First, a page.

Will those strains of bacteria also evolve six times quicker due to the greater selection pressure?

Re:Evolving resistance (question) (-1)

Anonymous Coward | about a year and a half ago | (#42437361)

Resistance does not "evolve" despite what everyone presumes, or has been taught.

The resistant bacteria already exist and thrive and grow in the presence of the antibiotic because all their nonresistant brethren are no longer around... usually the resistant bacteria are deficient in other ways which is why they don't thrive outside of very limited, restricted environments, such as hospitals where antibiotics are employed constantly.

No new genetic material is being created and it never will be.

Mutations! (2)

wfstanle (1188751) | about a year and a half ago | (#42437601)

"No new genetic material is being created and it never will be."

Wrong! Mutations create new genetic material all the time. Most of the time, mutations are harmful but occasionally a mutation is helpful to that organism. If a new mutation allows an organism to be better adapted to its environment, that gene will be selected for. Soon, much of the population will have that gene. It's simple evolution.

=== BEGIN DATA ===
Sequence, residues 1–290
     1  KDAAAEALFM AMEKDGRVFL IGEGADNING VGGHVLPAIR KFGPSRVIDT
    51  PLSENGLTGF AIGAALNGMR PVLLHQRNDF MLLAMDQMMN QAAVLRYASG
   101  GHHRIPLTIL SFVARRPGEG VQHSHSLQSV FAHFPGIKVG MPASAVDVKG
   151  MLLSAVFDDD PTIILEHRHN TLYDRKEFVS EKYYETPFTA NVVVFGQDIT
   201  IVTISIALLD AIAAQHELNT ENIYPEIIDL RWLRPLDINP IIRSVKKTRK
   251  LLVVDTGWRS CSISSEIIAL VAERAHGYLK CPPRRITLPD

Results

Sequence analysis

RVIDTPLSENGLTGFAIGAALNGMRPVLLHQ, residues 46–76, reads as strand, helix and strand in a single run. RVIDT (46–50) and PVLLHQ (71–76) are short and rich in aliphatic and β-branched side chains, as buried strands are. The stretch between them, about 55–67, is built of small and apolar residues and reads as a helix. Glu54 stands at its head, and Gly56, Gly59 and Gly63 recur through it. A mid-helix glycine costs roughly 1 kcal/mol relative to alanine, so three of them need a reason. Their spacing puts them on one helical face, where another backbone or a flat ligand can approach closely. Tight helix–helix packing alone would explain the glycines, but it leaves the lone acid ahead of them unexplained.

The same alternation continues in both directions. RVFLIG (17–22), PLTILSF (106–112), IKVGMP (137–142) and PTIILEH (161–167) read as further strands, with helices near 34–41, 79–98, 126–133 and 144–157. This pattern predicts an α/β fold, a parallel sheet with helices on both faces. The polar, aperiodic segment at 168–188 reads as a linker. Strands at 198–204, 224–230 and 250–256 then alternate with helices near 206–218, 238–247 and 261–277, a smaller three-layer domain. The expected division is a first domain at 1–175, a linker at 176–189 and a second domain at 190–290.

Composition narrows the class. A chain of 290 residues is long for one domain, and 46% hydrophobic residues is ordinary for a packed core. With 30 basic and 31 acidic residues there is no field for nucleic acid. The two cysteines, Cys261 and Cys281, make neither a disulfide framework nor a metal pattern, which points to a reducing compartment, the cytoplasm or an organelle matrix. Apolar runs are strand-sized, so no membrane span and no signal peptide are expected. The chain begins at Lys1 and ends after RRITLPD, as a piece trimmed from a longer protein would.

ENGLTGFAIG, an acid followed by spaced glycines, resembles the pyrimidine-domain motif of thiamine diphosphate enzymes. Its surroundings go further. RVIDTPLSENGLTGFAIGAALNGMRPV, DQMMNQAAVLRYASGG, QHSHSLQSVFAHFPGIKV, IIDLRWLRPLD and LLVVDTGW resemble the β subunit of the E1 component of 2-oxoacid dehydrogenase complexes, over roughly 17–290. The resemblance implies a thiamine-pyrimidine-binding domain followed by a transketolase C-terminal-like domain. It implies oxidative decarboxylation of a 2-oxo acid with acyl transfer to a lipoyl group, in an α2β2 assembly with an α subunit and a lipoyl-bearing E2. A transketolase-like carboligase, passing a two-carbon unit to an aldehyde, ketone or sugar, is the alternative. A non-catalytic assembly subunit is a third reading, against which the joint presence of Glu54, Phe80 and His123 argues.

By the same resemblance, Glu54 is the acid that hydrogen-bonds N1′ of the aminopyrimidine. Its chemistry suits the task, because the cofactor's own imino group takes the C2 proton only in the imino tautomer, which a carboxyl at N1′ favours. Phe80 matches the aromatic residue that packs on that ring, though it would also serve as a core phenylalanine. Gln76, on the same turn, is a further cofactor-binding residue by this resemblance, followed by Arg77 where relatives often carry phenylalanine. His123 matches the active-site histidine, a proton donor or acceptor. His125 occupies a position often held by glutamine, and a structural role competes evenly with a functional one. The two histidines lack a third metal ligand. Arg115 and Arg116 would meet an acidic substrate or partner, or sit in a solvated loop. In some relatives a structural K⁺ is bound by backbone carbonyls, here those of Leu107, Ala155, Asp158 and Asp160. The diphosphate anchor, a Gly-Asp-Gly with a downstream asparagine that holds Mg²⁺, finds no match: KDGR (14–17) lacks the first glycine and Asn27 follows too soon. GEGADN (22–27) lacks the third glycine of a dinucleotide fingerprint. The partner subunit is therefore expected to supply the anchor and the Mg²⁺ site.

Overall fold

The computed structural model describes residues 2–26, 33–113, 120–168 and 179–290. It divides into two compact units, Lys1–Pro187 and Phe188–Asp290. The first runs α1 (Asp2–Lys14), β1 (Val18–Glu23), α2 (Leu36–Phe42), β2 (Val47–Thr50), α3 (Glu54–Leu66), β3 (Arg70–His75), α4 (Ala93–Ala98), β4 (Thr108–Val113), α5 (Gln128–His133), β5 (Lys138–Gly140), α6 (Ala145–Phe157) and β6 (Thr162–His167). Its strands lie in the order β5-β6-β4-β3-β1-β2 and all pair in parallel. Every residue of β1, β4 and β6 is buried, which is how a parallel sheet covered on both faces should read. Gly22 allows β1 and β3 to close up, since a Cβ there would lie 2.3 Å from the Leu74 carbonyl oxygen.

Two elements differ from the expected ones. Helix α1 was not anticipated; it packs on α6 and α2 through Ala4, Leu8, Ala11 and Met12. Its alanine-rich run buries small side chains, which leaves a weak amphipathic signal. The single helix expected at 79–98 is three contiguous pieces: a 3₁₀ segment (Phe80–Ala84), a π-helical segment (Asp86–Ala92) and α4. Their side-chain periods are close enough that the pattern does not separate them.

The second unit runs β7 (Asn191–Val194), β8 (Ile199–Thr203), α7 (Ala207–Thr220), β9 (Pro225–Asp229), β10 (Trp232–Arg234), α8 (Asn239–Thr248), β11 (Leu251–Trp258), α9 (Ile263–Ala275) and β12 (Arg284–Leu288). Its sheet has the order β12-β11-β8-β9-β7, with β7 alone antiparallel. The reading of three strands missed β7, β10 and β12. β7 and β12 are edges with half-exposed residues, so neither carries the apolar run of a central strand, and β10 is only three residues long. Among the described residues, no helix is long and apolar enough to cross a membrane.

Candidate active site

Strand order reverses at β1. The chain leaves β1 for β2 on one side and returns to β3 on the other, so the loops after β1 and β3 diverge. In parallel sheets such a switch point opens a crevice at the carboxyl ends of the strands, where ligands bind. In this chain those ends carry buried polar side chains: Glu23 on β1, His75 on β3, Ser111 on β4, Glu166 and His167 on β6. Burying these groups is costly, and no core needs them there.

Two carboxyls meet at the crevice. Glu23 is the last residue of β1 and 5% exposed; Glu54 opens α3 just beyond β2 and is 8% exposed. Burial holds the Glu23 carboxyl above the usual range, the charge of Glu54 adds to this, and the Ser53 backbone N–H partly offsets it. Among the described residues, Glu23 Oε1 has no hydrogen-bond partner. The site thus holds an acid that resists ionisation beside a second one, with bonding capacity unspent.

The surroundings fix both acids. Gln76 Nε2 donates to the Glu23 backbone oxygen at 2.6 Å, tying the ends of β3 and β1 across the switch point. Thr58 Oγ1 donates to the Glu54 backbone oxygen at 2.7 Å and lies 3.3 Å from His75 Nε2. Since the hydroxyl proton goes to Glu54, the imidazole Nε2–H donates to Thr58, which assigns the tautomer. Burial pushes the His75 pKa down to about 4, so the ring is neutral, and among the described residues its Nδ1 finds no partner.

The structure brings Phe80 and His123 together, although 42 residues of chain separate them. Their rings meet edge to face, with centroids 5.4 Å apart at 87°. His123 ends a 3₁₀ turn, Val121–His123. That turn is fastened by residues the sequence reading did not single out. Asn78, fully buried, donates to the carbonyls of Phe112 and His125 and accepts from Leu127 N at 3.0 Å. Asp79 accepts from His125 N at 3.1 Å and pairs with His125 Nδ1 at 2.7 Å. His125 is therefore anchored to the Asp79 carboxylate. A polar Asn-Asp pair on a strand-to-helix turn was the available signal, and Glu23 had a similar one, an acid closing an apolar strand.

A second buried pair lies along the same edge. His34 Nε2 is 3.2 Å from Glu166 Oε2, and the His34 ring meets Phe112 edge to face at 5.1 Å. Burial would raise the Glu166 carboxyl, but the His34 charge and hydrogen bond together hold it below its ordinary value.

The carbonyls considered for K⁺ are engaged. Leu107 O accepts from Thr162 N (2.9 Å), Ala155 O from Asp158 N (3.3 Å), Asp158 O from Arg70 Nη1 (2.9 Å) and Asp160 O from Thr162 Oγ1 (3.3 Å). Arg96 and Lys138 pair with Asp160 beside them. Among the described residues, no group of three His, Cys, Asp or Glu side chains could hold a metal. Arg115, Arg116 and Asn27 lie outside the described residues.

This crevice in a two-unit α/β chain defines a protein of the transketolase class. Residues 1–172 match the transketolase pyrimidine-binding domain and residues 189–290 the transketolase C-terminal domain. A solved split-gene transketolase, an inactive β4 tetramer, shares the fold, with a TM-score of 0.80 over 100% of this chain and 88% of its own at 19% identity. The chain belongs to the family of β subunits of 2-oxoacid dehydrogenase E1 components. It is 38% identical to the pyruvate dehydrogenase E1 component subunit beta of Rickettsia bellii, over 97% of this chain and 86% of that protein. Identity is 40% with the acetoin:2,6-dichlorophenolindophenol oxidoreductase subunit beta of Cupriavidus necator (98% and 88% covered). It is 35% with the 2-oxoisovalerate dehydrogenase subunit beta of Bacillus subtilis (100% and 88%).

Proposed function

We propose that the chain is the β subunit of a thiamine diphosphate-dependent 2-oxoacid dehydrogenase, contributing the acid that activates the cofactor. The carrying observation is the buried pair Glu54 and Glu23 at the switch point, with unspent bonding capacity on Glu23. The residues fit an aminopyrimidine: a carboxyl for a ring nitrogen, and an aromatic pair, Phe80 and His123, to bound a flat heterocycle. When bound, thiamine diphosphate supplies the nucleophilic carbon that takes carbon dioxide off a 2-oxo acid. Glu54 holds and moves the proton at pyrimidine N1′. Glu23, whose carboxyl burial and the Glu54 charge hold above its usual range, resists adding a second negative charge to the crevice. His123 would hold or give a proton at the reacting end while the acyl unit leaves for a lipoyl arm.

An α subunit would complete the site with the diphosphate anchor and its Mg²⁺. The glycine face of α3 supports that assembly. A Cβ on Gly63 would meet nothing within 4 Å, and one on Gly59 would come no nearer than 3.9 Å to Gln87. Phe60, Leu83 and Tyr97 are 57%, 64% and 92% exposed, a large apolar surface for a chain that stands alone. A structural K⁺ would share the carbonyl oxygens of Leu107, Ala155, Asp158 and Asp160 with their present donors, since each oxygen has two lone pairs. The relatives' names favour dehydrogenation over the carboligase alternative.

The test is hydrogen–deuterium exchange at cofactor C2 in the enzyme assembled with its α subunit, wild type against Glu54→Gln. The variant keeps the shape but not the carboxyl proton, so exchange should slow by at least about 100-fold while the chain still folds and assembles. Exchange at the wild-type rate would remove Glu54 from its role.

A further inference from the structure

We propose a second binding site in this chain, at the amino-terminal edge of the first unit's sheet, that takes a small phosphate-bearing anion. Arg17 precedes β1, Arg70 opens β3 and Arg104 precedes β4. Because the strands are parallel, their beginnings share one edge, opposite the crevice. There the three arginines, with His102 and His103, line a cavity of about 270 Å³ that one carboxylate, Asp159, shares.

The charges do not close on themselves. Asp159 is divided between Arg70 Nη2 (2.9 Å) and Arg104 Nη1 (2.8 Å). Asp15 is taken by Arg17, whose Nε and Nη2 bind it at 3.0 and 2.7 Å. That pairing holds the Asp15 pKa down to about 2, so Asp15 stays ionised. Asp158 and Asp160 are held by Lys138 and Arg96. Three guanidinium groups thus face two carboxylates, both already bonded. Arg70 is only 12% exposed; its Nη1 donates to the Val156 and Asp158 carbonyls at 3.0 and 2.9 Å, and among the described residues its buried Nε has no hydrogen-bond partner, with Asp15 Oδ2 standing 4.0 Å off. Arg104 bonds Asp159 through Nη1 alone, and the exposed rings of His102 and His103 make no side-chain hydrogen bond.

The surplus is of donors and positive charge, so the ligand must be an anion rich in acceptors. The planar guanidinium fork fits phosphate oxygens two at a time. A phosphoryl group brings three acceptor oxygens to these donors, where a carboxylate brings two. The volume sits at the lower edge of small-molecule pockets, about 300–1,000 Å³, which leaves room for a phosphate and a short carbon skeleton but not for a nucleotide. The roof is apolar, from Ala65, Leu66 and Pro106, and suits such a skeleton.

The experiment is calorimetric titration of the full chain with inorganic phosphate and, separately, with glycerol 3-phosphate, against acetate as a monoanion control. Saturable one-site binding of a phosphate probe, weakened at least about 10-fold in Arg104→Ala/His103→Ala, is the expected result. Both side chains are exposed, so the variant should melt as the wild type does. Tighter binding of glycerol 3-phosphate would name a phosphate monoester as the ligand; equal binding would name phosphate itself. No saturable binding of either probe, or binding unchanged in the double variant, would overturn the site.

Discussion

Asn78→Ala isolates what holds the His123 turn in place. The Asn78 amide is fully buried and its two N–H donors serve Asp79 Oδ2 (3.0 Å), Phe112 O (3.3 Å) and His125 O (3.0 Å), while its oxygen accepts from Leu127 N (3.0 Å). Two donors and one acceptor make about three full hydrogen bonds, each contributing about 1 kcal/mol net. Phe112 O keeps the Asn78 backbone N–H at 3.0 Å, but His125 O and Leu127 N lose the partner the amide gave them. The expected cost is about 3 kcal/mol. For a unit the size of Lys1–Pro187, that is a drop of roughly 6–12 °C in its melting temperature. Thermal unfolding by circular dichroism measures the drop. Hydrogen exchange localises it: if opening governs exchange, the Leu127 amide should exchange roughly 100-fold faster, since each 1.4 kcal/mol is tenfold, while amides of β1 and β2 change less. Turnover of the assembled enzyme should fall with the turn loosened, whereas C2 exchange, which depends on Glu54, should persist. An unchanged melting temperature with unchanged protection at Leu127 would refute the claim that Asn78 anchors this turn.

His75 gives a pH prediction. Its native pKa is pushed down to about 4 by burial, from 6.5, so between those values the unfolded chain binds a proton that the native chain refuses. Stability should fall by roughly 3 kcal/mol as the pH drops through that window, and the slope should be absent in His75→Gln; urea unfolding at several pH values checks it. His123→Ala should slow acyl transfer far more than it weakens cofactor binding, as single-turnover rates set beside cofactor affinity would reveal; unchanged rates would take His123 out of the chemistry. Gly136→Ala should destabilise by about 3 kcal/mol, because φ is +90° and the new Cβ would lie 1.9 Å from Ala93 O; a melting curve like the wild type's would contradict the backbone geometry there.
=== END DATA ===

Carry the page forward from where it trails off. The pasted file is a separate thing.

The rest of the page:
Irony for the Chinese? (1)

HockeyPuck (141947) | about a year and a half ago | (#42437095)

So the Chinese are well known for their herbal and alternative medicines in which they consume various plants, herbs, minerals and yes animals for all sorts of cures....

Now they're being told that their national symbol is a source of medical healing...

What do they do?

Re:Irony for the Chinese? (1)

WWJohnBrowningDo (2792397) | about a year and a half ago | (#42437275)

It used to be the case that killing a panda in China would get you the death penalty [wwfchina.org] . But then the law was changed 1997 and now it's a measly 10 years in jail.

Re:Irony for the Chinese? (1)

PPH (736903) | about a year and a half ago | (#42437637)

So, we'll export them and kill them here.

Death penalty for killing tigers? Watch the Chinese scream about not being able to get their boner medicine.

Time to kill a whole lot of pandas... (1)

Ugmo (36922) | about a year and a half ago | (#42437099)

Time to kill a whole lot of pandas and collect their blood to extract the antibiotics.

Not Antibodies (5, Informative)

Joe Torres (939784) | about a year and a half ago | (#42437105)

Cathelicin-AM is an antimicrobial peptide not an antibody.

I just skimmed the paper (abstract: http://www.ncbi.nlm.nih.gov/pubmed/22101189 [nih.gov] ), but it seems that the group was the first to find out that pandas produce this type of antimicrobial peptide (they are produced by other mammals and it seems that the sequence is similar to that of dogs). The peptide seems to be effective against multiple types of bacteria (Gram positive and Gram negative) and a couple strains of fungi. The researchers only tested the peptide in vitro, so it probably isn't known if purified peptide will be effective in vivo (they reported that it showed little lysis of human red blood cells though).